Looking through titles of journal articles, professional development books and teacher training sessions, it seems that close reading is the buzz word of the year. And yes, I already overheard a parent ask, “Is it really something new? Weren’t we all reading texts and answering questions thirty years ago too? What changed?”
Actually, a lot has changed. We have so many people to thank for helping us understand how readers make sense of text and how meaning is created. (I’m just going to add one gigantic thank you to Louise Rosenblatt at this point!) And while students have been answering questions for many, many years, there is still more for teachers to learn on the subject of reading. Now when we talk about close reading, Notice and Note is the book that will become a turning point for teachers everywhere. I have no doubt that Kylene Beers & Bob Probst’s text will become the definitive text on the subject of close reading for narrative texts. And now I will add: Thank you Kylene and Bob!
What will you learn when you read this book? Topics that will keep your highlighter in use—-
- What does literacy look like in the 21st century?
- What are text dependent questions?
- How are they part of the Common Core State Standards?
- How can I create and use text dependent questions with the text I am teaching?
And of course, the signposts. What are signposts? Kylene and Bob have identified six signposts that we need to teach:
- Aha Moment
- Again & Again – Repetition
- Words of the Wiser
- Tough Questions
- Compare & Contrast
- Memory Moment
We know what good readers do when they read: they make connections, construct meaning, ask questions and try to answer them. They engage with the text. And we know that often, our struggling readers don’t do these things. They miss the cues for the important moments in the text. Teaching your students the signposts will bring about the “aha moment” – yep, and that is one of the signposts! It is the “wait – that was repetition. We read that phrase in the last chapter. I remember it. Why did the author repeat it? Why is it important?” And we stop, notice it and then take note. Then we build and make connections. So after you learn about the six signposts, you will be ready for anchor questions, reading logs and charts. You will be ready to build these concepts into your curriculum.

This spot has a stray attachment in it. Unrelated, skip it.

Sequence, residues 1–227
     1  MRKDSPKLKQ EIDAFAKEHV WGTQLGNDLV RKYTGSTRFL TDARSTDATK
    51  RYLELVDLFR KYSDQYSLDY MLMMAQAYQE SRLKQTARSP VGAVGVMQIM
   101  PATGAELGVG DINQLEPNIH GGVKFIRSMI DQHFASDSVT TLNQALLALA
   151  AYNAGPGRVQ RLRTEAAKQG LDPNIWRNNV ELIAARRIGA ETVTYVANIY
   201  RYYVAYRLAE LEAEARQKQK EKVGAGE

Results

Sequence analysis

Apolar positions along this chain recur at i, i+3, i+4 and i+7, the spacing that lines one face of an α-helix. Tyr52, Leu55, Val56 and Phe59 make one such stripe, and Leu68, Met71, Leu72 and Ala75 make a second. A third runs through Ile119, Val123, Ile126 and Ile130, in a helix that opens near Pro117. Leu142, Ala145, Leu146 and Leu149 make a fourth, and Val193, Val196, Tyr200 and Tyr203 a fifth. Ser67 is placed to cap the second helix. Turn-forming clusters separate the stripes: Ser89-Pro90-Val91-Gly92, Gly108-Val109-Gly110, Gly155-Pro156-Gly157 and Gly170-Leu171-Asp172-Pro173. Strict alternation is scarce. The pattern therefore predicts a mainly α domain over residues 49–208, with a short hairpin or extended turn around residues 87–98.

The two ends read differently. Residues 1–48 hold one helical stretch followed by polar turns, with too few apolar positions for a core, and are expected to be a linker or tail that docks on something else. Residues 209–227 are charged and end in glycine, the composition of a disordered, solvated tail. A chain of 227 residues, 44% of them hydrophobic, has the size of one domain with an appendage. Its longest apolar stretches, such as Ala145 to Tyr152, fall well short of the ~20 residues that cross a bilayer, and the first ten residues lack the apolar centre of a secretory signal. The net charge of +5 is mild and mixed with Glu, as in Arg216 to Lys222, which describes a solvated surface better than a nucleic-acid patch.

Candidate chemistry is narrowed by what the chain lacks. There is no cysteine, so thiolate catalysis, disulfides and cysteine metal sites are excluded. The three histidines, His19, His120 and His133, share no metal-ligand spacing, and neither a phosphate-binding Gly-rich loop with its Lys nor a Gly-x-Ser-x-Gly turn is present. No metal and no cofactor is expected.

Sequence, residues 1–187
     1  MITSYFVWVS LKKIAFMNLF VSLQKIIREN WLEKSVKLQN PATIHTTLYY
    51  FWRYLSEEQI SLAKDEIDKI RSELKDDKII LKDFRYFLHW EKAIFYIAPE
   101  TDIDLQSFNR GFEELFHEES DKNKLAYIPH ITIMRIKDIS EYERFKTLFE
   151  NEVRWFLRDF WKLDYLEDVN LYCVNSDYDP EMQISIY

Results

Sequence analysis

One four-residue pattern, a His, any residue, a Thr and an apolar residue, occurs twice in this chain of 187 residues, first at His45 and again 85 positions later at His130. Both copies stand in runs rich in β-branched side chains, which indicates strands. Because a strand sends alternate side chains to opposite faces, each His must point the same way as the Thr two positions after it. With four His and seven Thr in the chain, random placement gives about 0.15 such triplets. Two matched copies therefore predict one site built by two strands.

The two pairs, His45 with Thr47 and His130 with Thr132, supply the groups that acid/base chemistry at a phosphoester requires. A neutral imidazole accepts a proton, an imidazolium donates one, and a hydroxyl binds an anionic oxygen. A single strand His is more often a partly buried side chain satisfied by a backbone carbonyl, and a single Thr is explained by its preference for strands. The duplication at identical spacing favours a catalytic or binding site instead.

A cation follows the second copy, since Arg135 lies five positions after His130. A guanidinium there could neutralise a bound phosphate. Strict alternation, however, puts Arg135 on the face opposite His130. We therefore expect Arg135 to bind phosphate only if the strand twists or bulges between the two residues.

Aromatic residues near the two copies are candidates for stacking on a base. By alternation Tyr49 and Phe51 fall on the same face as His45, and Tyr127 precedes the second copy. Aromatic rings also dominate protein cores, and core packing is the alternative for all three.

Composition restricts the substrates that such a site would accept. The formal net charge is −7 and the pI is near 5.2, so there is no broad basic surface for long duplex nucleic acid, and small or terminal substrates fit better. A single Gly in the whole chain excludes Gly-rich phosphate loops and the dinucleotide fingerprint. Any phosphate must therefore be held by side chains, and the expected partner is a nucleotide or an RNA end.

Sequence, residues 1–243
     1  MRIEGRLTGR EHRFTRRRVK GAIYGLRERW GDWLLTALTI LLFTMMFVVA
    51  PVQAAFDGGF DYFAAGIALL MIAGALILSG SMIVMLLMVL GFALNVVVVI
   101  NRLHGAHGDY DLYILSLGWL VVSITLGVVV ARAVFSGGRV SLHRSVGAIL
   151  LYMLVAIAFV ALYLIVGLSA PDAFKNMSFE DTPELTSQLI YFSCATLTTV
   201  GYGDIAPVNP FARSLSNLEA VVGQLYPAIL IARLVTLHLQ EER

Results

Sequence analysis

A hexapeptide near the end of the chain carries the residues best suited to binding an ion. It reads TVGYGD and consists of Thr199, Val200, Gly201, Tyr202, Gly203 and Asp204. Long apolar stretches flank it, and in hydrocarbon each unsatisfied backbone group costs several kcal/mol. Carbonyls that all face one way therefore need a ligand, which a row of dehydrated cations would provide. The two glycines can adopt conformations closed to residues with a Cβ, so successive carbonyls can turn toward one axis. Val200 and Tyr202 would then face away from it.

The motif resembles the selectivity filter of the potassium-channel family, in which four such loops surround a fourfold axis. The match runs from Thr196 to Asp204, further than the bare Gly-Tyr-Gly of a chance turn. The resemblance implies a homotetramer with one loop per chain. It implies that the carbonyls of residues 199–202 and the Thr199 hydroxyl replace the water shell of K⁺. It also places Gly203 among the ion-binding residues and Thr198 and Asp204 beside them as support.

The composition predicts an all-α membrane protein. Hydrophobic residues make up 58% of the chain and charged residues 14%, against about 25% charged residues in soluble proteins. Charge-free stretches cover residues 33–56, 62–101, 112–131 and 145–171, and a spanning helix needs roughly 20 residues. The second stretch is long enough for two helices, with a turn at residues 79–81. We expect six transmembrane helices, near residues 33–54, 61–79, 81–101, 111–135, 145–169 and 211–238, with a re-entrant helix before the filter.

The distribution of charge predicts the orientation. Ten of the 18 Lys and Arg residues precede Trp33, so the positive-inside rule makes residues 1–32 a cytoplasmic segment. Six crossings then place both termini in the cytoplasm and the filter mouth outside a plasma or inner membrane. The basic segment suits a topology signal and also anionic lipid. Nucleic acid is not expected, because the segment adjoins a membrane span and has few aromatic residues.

- What are anchor questions?
- How can I use anchor questions to help students further their analysis of complex texts?
- How can I use a reading log in my classroom? How can I use signposts with independent reading?
You will also discover that many teachers are already sharing their signpost bookmarks, charts and reference materials. Check out pinterest boards and Teachers Pay Teachers for plenty of ideas (you will find not only bookmarks, but also posters, anchor charts, flip books, strategy cards, reading logs and more). I made a color coordinated signpost page (to use with colored post-its) and bookmark as well. The book will also give you some fabulous inspiration for creating signpost charts with your students for continued reference throughout the year. The appendix include reading log samples. You can also head to the Heinemann website and find the pdfs of the documents in the appendix, which is quite handy. (Check out the Companion Resources tab)
At the heart of this text is creating opportunity for student engagement with texts – and fostering meaningful, thoughtful engagement and conversations that will create new reading habits. This isn’t a text about how to teach a novel, but rather how to teach students to become better readers of all novels that they pick up, whether it is in the library or the classroom or at home.
Friends, this is a book you will want on a shelf in your classroom. Read. Annotate. Highlight. Start teaching the signposts. And drop me a line to let me know how your students are doing with their close reading!